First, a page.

Do­mes­tic work­ers are not given enough recog­ni­tion

The Sunday Independent - - METRO - Mak­gabut­lane is an as­sis­tant edi­tor at The Star.

IN MOST Western so­ci­eties, only the well-heeled can af­ford to em­ploy do­mes­tic help. In this coun­try, do­mes­tic helpers are so com­mon that vir­tu­ally every house­hold in mid­dle-in­come sub­urbs and above can af­ford to hire a do­mes­tic worker. In some house­holds, they have mul­ti­ple helpers.

Many suc­cess­ful pro­fes­sion­als were raised by moth­ers who were em­ployed as do­mes­tic work­ers.

Such moth­ers, who are pre­dom­i­nantly black and coloured, de­vote much of their time rais­ing the chil­dren of their em­ploy­ers, see­ing their own only dur­ing week­ends or at month-ends.

How­ever, those guardian angels sac­ri­fice their mea­gre earn­ings to make sure that their chil­dren have food in their tum­mies, shoes on their feet and a roof over their heads.

With the on­set of strin­gent labour laws, which recog­nise the vi­tal role th­ese women play and the need to re­mu­ner­ate them fairly, sto­ries are in­creas­ingly emerg­ing of how they have been – and some still are – short­changed. On page 4 we fo­cus on the plight of some of th­ese women.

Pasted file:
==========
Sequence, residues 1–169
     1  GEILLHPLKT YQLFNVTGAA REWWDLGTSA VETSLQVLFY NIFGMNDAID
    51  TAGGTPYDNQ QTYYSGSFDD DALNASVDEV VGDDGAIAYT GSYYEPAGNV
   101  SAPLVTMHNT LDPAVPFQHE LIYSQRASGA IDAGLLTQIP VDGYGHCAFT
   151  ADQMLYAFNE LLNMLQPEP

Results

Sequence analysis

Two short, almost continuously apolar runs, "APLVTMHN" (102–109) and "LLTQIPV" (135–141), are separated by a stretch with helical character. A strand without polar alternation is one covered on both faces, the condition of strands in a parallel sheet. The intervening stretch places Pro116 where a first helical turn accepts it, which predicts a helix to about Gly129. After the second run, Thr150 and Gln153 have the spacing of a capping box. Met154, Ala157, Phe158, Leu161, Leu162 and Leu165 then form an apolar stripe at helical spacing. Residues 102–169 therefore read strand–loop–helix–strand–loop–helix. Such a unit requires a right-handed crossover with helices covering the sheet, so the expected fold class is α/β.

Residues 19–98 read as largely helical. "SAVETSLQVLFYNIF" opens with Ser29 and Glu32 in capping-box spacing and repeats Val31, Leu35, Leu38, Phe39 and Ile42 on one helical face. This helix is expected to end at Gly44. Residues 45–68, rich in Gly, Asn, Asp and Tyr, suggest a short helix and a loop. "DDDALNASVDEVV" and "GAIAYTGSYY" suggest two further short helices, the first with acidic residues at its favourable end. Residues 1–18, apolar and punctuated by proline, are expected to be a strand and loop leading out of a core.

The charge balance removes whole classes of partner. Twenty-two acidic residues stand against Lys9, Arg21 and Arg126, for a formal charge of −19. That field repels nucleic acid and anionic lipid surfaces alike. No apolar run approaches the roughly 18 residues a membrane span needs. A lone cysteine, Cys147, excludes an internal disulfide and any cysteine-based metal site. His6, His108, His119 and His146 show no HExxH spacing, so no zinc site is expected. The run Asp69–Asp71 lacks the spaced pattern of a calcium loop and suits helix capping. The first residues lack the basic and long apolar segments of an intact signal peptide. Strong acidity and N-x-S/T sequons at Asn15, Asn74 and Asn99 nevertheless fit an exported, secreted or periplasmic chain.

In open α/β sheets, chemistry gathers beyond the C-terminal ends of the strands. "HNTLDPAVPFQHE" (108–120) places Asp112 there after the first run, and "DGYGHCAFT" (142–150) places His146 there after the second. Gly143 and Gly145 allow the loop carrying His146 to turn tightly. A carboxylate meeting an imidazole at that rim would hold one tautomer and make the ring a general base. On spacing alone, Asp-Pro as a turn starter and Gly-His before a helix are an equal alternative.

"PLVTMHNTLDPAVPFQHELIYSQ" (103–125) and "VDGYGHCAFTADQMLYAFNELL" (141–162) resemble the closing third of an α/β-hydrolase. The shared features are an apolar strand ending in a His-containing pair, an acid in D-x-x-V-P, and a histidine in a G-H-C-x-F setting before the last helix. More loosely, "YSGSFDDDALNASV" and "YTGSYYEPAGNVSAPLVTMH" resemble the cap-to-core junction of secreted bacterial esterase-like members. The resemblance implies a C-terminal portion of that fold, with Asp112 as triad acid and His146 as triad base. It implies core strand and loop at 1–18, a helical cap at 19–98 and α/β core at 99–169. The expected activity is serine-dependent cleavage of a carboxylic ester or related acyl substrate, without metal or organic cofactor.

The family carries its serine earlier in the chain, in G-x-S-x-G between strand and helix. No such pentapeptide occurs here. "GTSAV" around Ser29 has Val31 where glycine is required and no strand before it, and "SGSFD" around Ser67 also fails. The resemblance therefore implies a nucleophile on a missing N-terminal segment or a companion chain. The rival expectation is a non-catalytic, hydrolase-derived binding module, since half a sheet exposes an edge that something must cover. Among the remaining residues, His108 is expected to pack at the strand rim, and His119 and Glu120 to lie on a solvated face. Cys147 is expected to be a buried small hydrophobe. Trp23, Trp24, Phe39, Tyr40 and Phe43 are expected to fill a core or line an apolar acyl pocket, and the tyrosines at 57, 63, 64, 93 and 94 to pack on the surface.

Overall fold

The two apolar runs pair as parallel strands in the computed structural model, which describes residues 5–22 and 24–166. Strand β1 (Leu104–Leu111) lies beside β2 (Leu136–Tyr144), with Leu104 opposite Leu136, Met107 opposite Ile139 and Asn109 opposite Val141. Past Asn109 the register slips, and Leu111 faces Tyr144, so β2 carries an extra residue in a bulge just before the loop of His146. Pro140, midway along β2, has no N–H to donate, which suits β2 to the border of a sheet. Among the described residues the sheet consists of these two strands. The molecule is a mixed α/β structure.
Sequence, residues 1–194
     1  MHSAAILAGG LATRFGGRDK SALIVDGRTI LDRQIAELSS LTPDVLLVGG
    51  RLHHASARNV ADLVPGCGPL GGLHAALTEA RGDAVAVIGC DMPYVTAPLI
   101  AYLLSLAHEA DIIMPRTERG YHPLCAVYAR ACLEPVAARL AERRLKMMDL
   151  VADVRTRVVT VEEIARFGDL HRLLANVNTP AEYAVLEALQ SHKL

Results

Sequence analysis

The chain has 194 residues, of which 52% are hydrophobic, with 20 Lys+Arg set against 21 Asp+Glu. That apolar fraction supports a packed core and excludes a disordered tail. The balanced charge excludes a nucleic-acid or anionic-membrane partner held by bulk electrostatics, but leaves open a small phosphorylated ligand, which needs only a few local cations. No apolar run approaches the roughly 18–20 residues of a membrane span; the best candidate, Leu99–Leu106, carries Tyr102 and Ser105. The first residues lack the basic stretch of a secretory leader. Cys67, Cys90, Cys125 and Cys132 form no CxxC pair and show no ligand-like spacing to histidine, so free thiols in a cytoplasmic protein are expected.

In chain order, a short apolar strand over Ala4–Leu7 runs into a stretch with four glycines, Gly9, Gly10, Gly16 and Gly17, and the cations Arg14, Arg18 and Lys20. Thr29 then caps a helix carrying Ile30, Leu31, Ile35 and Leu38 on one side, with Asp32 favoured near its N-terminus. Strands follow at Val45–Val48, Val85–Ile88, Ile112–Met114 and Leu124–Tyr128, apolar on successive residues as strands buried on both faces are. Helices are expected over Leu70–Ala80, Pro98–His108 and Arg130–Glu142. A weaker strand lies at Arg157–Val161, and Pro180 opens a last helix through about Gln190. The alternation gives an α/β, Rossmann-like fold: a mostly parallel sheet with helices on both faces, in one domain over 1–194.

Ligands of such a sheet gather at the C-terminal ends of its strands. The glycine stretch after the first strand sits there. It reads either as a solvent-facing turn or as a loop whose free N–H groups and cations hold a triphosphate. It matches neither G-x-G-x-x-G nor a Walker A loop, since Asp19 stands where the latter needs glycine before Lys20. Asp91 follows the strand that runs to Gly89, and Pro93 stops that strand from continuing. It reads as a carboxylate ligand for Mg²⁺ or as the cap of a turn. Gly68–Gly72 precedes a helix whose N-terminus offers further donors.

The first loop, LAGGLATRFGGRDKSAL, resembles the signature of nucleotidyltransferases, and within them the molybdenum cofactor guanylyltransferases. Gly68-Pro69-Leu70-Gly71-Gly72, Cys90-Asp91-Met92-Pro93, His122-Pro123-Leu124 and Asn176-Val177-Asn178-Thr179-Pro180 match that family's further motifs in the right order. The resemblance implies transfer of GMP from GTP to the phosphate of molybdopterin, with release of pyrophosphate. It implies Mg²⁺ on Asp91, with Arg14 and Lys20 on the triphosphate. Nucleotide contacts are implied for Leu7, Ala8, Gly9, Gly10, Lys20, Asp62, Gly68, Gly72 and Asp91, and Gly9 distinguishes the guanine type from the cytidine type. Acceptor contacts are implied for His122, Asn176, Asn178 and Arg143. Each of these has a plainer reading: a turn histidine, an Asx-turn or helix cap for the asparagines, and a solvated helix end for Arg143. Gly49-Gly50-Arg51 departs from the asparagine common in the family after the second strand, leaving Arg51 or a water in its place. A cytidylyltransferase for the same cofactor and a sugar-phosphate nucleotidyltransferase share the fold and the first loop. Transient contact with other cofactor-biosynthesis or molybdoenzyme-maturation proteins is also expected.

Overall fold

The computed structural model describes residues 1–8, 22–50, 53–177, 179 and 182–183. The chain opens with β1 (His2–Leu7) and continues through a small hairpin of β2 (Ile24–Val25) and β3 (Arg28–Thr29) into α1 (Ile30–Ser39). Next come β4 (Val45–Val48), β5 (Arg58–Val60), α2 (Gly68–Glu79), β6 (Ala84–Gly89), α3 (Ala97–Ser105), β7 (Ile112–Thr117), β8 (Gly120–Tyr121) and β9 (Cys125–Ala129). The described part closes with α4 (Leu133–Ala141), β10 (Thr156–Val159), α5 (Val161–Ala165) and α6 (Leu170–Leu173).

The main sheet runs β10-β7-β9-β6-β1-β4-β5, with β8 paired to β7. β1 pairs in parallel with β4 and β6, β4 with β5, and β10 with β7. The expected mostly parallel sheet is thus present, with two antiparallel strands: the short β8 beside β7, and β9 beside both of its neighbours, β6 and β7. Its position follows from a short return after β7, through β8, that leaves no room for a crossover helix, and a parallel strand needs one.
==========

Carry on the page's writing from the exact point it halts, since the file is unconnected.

It is a shame that one can work so hard for so long, and still take home the pit­tance that they earn.

One woman has toiled in the “kitchens” for 25 years and still earns R3 000 a month. This is not even what many of us pay to the tax man as PAYE.

It is true that this kind of work plays an im­por­tant role in al­le­vi­at­ing un­em­ploy­ment, in a coun­try where more than a quar­ter of peo­ple are un­em­ploy­ment.

Roughly one in five South African women are do­mes­tic work­ers, and four out of five do­mes­tic work­ers work full-time (that is, more than 28 hours a week).

Per­sonal ser­vices, of which do­mes­tic work is one com­po­nent, make up 5.4% of gross do­mes­tic prod­uct.

How­ever, the sad re­al­ity is that do­mes­tic work­ers – due to skewed em­ployer-em­ployee power re­la­tions – are still marginalised and face the axe if they stand up for their rights. They are re­garded as dis­pens­able – and eas­ily re­place­able. With so many job­less peo­ple knock­ing at our gates every day seek­ing em­ploy­ment, I guess this is un­der­stand­able.

We salute th­ese women, who are pil­lars of our so­ci­ety.

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